I hear you aren't happy with Oklahoma teachers who walked off the job to protest the drastic cuts to school funding in their state. You told them they should "serve the students." You also called the strike by West Virginia teachers—who, along with OK teachers, are among the lowest paid in the country—an "adult squabble." Interesting choice of words from the head of a department that has, for the better part of the past 20 years, treated us like servants. Interesting choice of words from someone who knows virtually nothing about education law or policy; who never spent a day in her life inside a public school; who has absolutely no concept of what a public school teacher does or what it's like to work two, three or more jobs to keep a roof over your head; who wants nothing more than to shutter public schools and use that money to fund religious schools.
What, exactly, should that "service" look like? Tea and crumpets and classical music at lunch? Neck massages after computer class? Or perhaps valet parking for those students who are fortunate enough to afford a car?
How much more "service" must teachers perform? How many more classroom supplies, and food and clothing for their students must they buy with their own money? How many more students must be packed into their classrooms? How much more are they supposed to do with ever-decreasing budgets before you, or some elected official with strings attached to the oil lobby realizes what's going on in Oklahoma's schools?
When is enough enough?
Since you continue to remain woefully ignorant of the workings of public schools (I guess that stuff's just not important to a billionairess who can build whatever school she wants with a wave of her magic wand), allow me to educate you on exactly what those teachers—and others around the country—are doing in "service" to their students:
Did you see these images? I can't imagine you didn't, seeing as how they went viral. But just in case you missed them, here's CNN's report. They were taken by real Oklahoma teachers, and are real pictures of what they have to work with every single day thanks to their state's massive education cuts. Did you have these problems when you were in school? Did your children? I bet not.
|Sarah Jane Scarberry|
Scarberry also shared images of her classroom's broken desks and chairs, and said they weren't too bad compared to other classrooms.
"As for the desks, I'm more fortunate than most I guess. My husband works with me at Heavener and works in maintenance. He usually can use salvageable parts from discarded desks to keep me going," she told CNN. (emphasis mine)
|Sarah Jane Scarberry|
Teacher Mary Burton shared this picture of the anatomy books her students have to use at Eisenhower High School in Lawton, Oklahoma."I don't have enough and the ones left are in terrible shape," she said.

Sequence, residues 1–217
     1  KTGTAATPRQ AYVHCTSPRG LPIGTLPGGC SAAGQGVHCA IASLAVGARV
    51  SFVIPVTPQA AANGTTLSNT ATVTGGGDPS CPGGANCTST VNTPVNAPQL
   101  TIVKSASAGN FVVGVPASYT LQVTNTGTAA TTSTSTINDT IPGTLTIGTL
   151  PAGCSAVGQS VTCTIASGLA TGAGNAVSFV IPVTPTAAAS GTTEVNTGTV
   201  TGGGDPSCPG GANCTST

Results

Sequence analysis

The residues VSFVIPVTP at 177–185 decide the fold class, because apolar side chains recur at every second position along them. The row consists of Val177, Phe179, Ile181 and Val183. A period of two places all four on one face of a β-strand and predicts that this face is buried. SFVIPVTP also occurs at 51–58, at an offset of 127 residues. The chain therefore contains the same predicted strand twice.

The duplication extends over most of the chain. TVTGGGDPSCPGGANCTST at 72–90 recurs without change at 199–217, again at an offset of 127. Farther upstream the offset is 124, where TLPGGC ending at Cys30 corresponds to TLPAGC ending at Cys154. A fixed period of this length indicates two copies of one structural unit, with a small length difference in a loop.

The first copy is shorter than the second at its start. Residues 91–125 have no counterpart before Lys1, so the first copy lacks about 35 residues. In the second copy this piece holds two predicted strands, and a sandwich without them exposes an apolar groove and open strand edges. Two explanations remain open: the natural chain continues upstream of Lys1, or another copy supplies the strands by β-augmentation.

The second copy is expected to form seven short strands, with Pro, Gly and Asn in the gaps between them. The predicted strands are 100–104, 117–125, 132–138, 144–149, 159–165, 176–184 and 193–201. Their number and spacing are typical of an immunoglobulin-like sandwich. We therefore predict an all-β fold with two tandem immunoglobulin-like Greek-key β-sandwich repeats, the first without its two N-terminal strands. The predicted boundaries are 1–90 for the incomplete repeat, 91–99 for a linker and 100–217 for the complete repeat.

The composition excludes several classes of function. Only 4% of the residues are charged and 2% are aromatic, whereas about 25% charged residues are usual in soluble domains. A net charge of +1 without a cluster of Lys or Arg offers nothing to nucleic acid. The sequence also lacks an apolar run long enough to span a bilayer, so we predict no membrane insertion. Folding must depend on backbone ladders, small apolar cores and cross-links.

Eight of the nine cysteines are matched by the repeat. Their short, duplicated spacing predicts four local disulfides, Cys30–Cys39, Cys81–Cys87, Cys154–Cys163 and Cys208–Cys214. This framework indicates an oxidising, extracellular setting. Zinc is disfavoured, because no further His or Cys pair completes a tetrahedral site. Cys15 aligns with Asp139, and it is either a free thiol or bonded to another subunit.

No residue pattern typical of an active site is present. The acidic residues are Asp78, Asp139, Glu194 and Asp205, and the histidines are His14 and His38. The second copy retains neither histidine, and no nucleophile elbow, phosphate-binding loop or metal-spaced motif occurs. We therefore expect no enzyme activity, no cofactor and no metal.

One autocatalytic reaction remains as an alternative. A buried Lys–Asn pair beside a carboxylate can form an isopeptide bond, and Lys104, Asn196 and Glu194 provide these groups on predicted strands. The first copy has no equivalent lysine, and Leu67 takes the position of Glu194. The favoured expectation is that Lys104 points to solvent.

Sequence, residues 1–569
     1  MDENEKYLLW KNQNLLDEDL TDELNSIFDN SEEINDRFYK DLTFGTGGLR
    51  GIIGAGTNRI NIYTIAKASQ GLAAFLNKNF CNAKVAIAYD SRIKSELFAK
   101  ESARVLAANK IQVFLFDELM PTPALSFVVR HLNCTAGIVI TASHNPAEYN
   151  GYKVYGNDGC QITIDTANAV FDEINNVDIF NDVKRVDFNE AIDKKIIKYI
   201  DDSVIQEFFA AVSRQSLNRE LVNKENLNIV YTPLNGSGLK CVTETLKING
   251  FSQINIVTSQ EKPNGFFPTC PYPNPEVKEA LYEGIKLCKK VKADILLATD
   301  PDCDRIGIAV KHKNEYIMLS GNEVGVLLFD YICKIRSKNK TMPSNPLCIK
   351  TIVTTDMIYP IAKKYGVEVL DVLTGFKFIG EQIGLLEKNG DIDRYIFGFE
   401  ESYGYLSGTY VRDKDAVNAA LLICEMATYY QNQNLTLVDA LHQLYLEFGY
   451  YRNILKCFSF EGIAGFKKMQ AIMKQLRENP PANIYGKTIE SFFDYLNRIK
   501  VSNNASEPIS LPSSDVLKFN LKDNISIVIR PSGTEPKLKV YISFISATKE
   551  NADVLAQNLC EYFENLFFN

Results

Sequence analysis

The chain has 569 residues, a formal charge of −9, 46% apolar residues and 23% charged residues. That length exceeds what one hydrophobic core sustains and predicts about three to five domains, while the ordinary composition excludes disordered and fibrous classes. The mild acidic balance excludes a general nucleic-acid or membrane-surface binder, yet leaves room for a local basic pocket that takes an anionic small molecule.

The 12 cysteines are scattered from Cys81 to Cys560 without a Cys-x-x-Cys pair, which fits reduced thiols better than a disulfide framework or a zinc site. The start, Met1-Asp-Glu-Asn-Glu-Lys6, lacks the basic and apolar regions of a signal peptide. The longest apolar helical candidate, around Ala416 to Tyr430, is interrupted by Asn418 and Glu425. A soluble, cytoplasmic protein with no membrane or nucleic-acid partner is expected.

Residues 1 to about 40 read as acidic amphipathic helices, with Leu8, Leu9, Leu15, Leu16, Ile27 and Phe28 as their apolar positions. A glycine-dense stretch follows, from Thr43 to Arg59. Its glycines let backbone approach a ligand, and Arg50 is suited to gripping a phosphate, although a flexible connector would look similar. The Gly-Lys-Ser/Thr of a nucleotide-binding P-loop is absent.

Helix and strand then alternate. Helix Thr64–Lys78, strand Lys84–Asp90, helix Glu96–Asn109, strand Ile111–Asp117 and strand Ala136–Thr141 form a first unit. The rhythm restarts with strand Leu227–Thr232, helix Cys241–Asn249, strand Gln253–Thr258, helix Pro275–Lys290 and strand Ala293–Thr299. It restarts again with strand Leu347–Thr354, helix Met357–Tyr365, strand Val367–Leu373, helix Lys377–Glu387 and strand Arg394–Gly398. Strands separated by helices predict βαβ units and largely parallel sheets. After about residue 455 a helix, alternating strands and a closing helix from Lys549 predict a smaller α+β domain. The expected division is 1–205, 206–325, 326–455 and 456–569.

Last year, her class's 25 anatomy books were shared by about 70 students, Burton said.
"Because graduation requirements changed, I only have one section of human anatomy, so there are enough books for my students for the first year in a long time," she said.
On Twitter, user jamiebh73 shared a photo of a textbook from her daughter's eighth-grade history class in Owasso. In the book, George W. Bush is still president, she said. (emphasis mine)
Allyson Kubat, who teaches at Mustang High Scool, just southwest of Oklahoma City, said the textbooks students in her public speaking class use are so old that they advise them to ask librarians about "this new thing called the Internet" and explain how to use microfiche. (emphasis mine)The article ends with this quote from Scarberry:
"I could go on for days about the things we need, and the opportunities my students deserve. For myself, a raise sounds great, but this walkout for me was never about that. It was always funding for our schools," she said. (emphasis mine)
Can you imagine this??? I can. This is what happens when states give massive tax cuts to corporations. This is what happens when teachers are treated like servants instead of highly-educated professionals. This is what happens when years of begging and pleading with elected officials, who care more about tax cuts for corporate donors than the future of this country, falls on deaf ears. This is what happens when teachers and parents say, "Enough!" This is not an "adult squabble." This is a fight for every child in the state of Oklahoma (and West Virginia and Kentucky and Arizona) to have a good education. This is what happens when teachers "serve the students."
This is a national disgrace, and as Secretary of Education, you should be leading the charge to fix this instead of trying to sweep it under the rug. The wealthiest country in the history of humanity has schools that rival those of third-world countries while our government blames teachers, slashes budgets and says testing and privatization are somehow going to magically fix everything.
This is just the beginning. This "service" to the students is only going to grow. You would do well to educate yourself.